University of Auckland - Student Hub Architectural Brief

Learn how Purple Shirt used human centred design methods to collaboratively define an architectural brief for the introduction of a Student Hub to the University of Auckland’s General Library.

Client: University of Auckland | Industry: Higher Education

Background

Founded in 1883, Auckland is the country’s largest university with over 40,000 students. The University is deeply committed to improving the student experience which has led to the development of a new service model for the delivery of administrative and academic support services to students. The  "Student Hub" will be located in the University's General Library and offer a mix of support services and new self directed learning spaces.

The Opportunity

Define an architectural brief which can be used by the University’s architectural partner to inform their design process.To arrive at the brief the University asked Purple Shirt to support them in using human centred design methodologies to put customers and both administrative and academic staff at the heart of the design process.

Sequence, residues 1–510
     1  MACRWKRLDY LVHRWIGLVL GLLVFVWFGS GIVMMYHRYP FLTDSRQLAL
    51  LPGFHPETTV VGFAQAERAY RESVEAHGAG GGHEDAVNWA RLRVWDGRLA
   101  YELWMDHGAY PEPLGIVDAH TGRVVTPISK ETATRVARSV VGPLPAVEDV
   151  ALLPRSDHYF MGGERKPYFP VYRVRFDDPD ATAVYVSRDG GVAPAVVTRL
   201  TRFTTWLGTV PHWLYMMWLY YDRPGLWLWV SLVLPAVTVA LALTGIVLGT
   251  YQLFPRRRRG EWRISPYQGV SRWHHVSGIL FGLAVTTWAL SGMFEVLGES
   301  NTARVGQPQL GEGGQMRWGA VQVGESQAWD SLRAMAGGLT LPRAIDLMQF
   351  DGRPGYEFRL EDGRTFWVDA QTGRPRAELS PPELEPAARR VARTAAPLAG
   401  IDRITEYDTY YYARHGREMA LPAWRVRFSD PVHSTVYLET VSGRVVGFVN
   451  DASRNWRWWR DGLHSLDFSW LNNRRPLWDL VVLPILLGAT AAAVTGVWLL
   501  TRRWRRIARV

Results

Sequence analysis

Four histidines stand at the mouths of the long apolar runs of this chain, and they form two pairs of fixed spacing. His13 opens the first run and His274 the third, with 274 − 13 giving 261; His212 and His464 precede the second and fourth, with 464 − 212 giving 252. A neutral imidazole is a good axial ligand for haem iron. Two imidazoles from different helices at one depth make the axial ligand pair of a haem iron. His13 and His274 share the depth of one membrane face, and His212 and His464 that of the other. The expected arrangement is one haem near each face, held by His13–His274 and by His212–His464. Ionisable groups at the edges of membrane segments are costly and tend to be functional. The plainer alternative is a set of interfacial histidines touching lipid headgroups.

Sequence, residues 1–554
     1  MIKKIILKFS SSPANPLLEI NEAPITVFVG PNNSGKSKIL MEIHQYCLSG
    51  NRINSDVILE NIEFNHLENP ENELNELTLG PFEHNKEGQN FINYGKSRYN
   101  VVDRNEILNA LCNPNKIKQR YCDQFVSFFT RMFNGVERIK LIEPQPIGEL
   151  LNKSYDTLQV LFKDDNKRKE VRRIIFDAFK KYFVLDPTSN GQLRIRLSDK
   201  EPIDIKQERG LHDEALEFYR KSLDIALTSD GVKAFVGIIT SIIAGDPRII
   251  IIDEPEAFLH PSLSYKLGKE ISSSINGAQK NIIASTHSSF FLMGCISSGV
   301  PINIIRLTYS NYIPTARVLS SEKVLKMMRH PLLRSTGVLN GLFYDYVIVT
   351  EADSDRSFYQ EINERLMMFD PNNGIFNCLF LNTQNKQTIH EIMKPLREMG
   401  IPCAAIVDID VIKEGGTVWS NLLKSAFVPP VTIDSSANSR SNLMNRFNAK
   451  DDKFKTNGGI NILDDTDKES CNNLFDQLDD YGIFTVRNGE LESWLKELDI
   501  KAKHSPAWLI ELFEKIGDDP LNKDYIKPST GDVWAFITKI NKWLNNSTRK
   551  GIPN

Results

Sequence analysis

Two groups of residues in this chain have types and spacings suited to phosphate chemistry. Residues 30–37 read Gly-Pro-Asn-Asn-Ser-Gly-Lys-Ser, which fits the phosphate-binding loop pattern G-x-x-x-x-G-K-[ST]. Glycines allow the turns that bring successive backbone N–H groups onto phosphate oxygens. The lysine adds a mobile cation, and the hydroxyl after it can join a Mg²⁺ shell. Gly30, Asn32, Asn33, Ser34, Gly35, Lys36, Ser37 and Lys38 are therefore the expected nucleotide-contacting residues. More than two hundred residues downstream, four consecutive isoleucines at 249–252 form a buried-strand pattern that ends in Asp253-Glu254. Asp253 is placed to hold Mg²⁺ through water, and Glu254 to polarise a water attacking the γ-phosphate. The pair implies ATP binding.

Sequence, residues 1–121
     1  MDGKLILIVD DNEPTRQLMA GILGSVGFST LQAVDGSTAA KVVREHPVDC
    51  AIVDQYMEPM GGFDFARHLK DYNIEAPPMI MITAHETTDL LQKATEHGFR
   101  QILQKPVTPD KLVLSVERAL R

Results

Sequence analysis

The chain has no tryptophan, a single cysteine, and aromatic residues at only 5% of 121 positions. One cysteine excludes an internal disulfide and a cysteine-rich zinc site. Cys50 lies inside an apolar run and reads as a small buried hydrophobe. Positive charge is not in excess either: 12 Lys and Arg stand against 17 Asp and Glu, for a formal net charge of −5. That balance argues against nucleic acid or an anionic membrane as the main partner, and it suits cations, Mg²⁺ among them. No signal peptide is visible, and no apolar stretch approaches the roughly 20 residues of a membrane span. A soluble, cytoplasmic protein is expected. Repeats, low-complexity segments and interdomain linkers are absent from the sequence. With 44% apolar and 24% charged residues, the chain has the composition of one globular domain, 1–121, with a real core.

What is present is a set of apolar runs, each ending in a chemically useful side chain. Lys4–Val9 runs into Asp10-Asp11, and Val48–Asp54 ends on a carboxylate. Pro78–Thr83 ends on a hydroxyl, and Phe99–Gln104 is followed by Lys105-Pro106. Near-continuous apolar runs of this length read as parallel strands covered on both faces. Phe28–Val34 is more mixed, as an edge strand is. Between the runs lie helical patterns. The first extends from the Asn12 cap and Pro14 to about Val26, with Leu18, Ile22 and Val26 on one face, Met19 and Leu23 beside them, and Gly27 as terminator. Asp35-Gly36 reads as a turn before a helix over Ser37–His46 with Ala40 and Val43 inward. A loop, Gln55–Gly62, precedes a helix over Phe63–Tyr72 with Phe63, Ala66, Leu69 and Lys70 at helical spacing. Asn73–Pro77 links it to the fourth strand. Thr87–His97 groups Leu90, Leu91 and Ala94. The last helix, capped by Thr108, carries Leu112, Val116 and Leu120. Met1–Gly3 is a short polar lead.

Our Approach

We designed an activity based brief by applying human centred design methods and leveraging our knowledge from the Customer Experience Strategy for Support Services (led by Purple Shirt in2018), and the University's whole-of-student advisory model. The brief provided clear requirements for both front and back of house activities that the space must support. Having defined the customer modes for self-led learning in a previous project we explored the spatial requirements for each of the modes within the context of the Student Hub.

In addition to developing the spatial requirements we ran collaborative design workshops with customers, administrative and academic staff to define the vision, objectives and principles of the Student Hub.

 Activities included:

●     Stakeholder interviews

●     Customer intercepts

●     Co-design workshops

●     Focus groups

●     Activity based modelling

●     Desk based research

Outcomes delivered

●     Broad consultation with students including Māori and Pacific students, students with disabilities, faculty and staff

●     Delivery of a coherent architectural brief that reflects the diverse needs of the University's students and staff

●     Introduced, and made tangible, the concept of universal design

●     Provided concise spatial requirements for the design of activity specific spaces (focus, collaborate,socialise, relax etc)

●     Provided customer scenarios to illustrate how the service delivery model can be executed within the physical space

Working with Purple Shirt on this major initiative provided us with critical expertise on human centred design. The architectural brief met all of our requirements and has given us a terrific foundation for moving to the next steps. Purple Shirt are great partners, really listening to our needs and working with us throughout the process.

Sue Roberts | University Librarian and Director Libraries and Learning Services

What we did

Research
Strategy

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